But after teasing us with this novel slant on the whole Holocaust-movie thing, “Basterds” then goes into a much-less-interesting and less novel direction involving a young Jewish woman named Shosanna (well-played by Melanie Laurent) who survived the Nazis’ slaughter of her family and who plots her revenge when the premiere of a Nazi propaganda film is slated to be shown in the movie theater that she owns and operates in France.

Pitt and his band of merry Nazi killers come back into the movie, but only after we’ve been fairly bored by the whole movie-theater subplot.

Pitt does a kick-ass job in “Basterds,” as does Christoph Waltz as Nazi Col. Hans Landa, the “Jew hunter,” whose Oscar-worthy role runs throughout the entire film. It is largely on the strength of the performances that I can give “Basterds” a “B.”

Also doing a great job are Eli Roth as the “Bear Jew,” who takes a baseball bat to Nazis’ craniums, and Til Schweiger as former Nazi Sgt. Hugo Stiglitz, who for some reason decided to turn on his fellow Nazi officers and start terminating them (whether he opposed their “cause” or whether he is just psychopathic is not clear to me) before he was taken in by the Basterds. I wanted to see much more of these two characters and I was disappointed to see one of them terminated too early and too ingloriously.

Also interesting about “Basterds” is Tarantino’s reinterpretation of Adolf Hitler (played by Martin Wuttke) as a perpetually fuming and sputtering tyrant hilariously (darkly so) replete with a red monarch’s cape. (Tarantino also reinterprets the history of Hitler in an interesting way that I can’t tell you about, because it would give away the ending of the movie…)

Mike Myers (yes, the “Austin Powers” Mike Myers) makes an appearance as a British general that is supposed to be quirky, I think, but is more throwaway than quirky.

Tarantino’s re-envisioned Hitler and his twisted version of Robin Hood and his band of merry men alone make “Basterds” worth seeing — and I must admit that it’s hard not to feel some amount of glee to witness Nazis being exterminated like the cockroaches that they were — but “Basterds” has too much that isn’t that interesting and doesn’t measure up to what we’re used to getting from Tarantino, so it misses an “A” for me.

Maybe the uninteresting portions of “Basterds” were Tarantino’s attempt to be a more “serious” director? If so, well, he should have stuck to what he does best. There is no shortage of “serious,” “respectable” movies about the Nazis and the Holocaust out there.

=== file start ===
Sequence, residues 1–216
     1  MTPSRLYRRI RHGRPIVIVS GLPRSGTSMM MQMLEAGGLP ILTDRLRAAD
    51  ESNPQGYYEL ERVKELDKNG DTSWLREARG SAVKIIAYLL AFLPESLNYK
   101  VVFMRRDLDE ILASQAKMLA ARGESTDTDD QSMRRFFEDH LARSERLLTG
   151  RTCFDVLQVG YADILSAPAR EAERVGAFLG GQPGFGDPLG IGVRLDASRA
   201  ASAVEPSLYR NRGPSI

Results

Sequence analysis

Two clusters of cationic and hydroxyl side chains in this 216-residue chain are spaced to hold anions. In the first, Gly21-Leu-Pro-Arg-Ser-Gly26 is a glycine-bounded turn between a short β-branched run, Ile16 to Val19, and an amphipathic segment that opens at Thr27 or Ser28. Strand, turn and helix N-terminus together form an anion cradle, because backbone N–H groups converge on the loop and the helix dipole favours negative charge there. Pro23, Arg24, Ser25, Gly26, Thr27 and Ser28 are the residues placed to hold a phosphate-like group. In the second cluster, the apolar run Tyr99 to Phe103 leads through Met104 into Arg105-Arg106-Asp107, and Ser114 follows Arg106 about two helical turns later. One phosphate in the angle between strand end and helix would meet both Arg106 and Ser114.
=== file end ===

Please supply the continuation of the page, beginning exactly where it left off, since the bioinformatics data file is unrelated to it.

“Kill Bill,” to me, still remains Tarantino’s best work to date.

My grade: B

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Envy is a blogger without a book deal

I started blogging back in the latter part of 2002 on Salon Blogs. It was a great time to start blogging; in the wake of the destruction wrought by the unelected Bush regime and in the midst of the regime’s impending launch of its bogus Vietraq War, the Internet and its newish “blogosphere” were buzzing with progressives who loved civic engagement (and e-catfights; more on that later…).

I immediately found blogging to be user-friendly — if you can word process, you can blog — and rather addictive. The idea that whenever something pisses me off or whenever there is just something that I want to say, I can post it on the Internet, where anyone in the world can read it — I still like that idea.

I probably would continue to blog no matter how small my audience. Blogging to me is what dancing is to a dancer or painting is to a painter.

Having an audience is great, especially when, like I do, you think that you’re a pretty fucking good writer. But, like any other artist who primarily does it for the love of it and not for the audience, I continue to blog even with a small audience.

But those bloggers who get book dealsarrrggggghhhhhh!

There is Dave Cullen, who, like I did, started out with Salon Blogs. Truthfully, I found Dave’s blog to be rather mediocre. He wrote about the “reality” television show “The Great Race” or whatever in the hell it was called, for fuck’s sake. After each episode, of which I never watched a single one, he’d feverishly let all of us know his every thought and impression of it. Barf bag, please! (If memory serves, Dave’s obsession with the show primarily was because one or more of its cast members he found to be a hottie. [I think it was that one cast member with the Nazi-sounding name… Third Reichen or something like that… Yeah, you know, I just can’t get past a Nazi-sounding name…])